Finding and retaining the right talent is difficult in any practice area. Typical recruiting criteria include law school, class rank, and special distinctions. Lateral hires are mostly about the experience and track record. The interview process is normally a shuttle between offices or a group interview mostly focused on likability and whether the candidate seems smart. Rarely is there an in-depth discussion of day-to-day work-life, daily stressors, and emotional suitability for the position? 


Smaller firms do not have the luxury of hiring several associates in the hopes of finding one or two that succeed in the long term. Smaller firms should develop role-specific criteria that consider, for example, the ability to juggle multiple priorities, flexibility, tolerance for repetitive tasks, ability to consistently follow rules and procedures, strong communication skills, and a willingness to embrace new technologies might outweigh some traditional qualitative factors.

  • Adjust compensation plans (aligning compensation and incentives with market factors)

Most firms either reward performance using billable hours, billings or collections (we will not address originations now).  Rarely do we encounter any incentives for case management excellence, client reporting, and communication, or guideline compliance. Firms that keep these statistics can reward and encourage efficient case handling, client care, and guideline compliance. Lawyers who are compensated for litigation management factors are more likely to excel in the insurance defense practice area, which should reduce turnover and improve client satisfaction.

  • Distributed staffing (redesigning cost structures)

Rarely do law firms operating in the insurance defense market compete on investments in office space and furnishings. They also do not compete on large pools of centrally located staff. Smaller firms should consider a branch/distributed office approach to mitigate travel time billing restrictions and to offer a more complete solution to clients. Larger central offices are no longer necessary to effectively serve clients and smaller firms can place staff geographically.    



What about plaintiff lawyers? 


Interestingly, the plaintiff’s bar continues to get its act together and provide non-proprietary (available to anyone who wants to subscribe) case management tools like Litify and GrowPath, which were both developed by successful trial lawyers, and access to capital through collaborative case funding, savvy plaintiff-oriented banks, and private capital sources. 


All these actions plus the aversion to litigation in the insurance industry adds up to an advantage for trial lawyers.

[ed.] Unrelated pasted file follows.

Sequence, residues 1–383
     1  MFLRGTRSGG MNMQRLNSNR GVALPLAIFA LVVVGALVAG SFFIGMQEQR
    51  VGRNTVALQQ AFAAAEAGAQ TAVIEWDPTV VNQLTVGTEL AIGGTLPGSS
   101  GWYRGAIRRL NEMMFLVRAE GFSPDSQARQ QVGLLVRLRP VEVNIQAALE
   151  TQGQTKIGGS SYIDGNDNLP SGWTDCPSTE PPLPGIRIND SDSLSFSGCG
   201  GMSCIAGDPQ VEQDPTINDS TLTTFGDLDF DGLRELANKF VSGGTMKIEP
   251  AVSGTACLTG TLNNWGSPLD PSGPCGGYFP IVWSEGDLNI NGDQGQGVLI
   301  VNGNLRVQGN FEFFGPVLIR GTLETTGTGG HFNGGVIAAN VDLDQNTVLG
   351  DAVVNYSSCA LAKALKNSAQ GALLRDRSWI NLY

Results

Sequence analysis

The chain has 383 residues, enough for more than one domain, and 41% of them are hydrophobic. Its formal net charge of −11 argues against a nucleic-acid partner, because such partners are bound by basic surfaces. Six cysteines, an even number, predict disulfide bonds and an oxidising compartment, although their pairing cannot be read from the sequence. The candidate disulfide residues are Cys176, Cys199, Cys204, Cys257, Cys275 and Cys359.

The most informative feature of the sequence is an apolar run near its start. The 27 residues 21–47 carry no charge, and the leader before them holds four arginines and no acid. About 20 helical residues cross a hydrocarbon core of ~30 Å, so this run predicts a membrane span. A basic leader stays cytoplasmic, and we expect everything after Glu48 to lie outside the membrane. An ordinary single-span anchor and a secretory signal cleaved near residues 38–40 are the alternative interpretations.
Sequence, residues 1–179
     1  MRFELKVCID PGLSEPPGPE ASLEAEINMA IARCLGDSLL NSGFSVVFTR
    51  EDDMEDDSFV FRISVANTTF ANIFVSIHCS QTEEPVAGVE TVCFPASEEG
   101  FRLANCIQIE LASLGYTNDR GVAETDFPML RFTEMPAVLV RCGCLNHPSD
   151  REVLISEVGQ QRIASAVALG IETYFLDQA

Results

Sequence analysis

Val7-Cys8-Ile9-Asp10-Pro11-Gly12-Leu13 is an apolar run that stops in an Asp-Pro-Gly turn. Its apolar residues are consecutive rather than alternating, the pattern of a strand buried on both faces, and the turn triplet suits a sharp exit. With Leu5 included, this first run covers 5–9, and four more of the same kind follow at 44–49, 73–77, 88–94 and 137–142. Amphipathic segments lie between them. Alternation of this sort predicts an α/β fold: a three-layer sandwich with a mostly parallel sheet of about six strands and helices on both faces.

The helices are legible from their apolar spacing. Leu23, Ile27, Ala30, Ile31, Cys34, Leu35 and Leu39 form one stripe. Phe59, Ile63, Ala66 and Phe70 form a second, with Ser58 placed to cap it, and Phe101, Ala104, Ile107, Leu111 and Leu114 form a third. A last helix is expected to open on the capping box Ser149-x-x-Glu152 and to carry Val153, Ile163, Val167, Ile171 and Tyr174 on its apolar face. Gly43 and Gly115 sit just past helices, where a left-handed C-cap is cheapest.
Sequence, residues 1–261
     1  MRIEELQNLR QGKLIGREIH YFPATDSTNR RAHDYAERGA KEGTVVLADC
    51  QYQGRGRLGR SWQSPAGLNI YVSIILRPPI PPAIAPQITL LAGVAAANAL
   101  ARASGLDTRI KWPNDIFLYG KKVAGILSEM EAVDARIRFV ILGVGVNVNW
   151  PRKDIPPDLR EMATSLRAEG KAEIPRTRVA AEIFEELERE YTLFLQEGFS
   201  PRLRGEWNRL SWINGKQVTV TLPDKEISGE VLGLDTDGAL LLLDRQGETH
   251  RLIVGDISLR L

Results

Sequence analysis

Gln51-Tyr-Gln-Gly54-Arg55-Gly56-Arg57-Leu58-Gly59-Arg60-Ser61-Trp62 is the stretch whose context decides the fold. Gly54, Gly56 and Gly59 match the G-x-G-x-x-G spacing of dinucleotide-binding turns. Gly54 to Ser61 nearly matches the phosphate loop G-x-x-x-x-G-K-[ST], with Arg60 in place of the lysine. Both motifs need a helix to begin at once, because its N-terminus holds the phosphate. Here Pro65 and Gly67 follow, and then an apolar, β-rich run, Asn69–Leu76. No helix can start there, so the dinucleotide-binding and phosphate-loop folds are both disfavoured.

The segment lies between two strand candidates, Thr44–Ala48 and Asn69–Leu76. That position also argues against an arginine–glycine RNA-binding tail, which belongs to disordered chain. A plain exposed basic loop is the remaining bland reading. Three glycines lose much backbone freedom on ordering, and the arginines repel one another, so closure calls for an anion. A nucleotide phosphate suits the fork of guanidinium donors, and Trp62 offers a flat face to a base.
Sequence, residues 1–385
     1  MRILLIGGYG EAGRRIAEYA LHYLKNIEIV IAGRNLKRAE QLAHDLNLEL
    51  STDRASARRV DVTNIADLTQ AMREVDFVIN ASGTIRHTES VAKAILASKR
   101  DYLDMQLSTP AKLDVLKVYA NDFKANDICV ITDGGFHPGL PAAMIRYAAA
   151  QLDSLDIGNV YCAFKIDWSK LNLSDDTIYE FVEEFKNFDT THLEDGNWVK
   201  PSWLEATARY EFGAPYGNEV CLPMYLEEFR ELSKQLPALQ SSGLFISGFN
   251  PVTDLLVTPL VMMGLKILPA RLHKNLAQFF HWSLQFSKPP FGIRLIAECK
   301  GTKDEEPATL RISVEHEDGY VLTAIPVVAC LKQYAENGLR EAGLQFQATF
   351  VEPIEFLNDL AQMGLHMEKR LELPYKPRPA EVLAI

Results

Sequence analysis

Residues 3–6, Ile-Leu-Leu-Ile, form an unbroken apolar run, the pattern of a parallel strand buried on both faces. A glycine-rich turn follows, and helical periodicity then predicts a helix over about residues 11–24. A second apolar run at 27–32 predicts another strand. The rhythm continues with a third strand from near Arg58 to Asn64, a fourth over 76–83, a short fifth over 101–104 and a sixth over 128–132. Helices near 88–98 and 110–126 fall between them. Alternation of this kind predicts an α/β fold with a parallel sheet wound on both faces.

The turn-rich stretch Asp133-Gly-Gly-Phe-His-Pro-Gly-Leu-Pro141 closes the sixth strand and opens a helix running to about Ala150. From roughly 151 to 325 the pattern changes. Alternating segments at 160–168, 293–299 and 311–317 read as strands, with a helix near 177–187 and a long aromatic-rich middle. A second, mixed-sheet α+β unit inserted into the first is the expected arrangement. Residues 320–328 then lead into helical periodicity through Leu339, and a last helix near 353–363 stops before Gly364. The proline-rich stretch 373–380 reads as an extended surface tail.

Other factors 


External factors can accelerate the pace of change. For example, the global economic crisis of 2007/2008 had insurance companies taking an extremely hard line with their outside counsel. Rate reductions, freezes, slow pay, discounts for timely payment, and further pulling back from expensive litigation all happened at a rapid pace. These actions, however, sought to simply control cost and squeeze as much from their law firms as possible. 


Law firms for the most part accepted the new terms without response. This climate has continued mostly unchecked, except that the long-term damage to the market, which we discussed earlier, continues to occur. If there is a grand strategy, now is a good time to start rolling it out. 



Advice for insurance defense lawyers


If you are a lawyer operating in this space and struggling to find satisfaction in your work, here are some options:

  • Learn to adapt
  • Embrace the stability and predictive nature of your work and express your creativity elsewhere
  • Double down on service and quality for those clients measure and value it 
  • Build a better mousetrap (innovate)
  • Limit the amount of insurance defense work you do
  • Work toward moving up the client value chain - seek higher risk/reward work
  • Create an exit strategy

If you are a new or young lawyer, you may not have these issues or you are well conditioned to the work. You may see opportunities in the volume-oriented nature of the work and have found ways to make the work profitable. My suggestion is you keep a close eye on your skill development and advocacy skills. 


Bright and passionate lawyers have a lot to offer the world even if the algorithm does not always value it. 

PerformLaw works with small to mid-sized law firms from all over the world.  Our vast experience and objective advice helps firms to overcome business challenges so they can focus on the work they do best.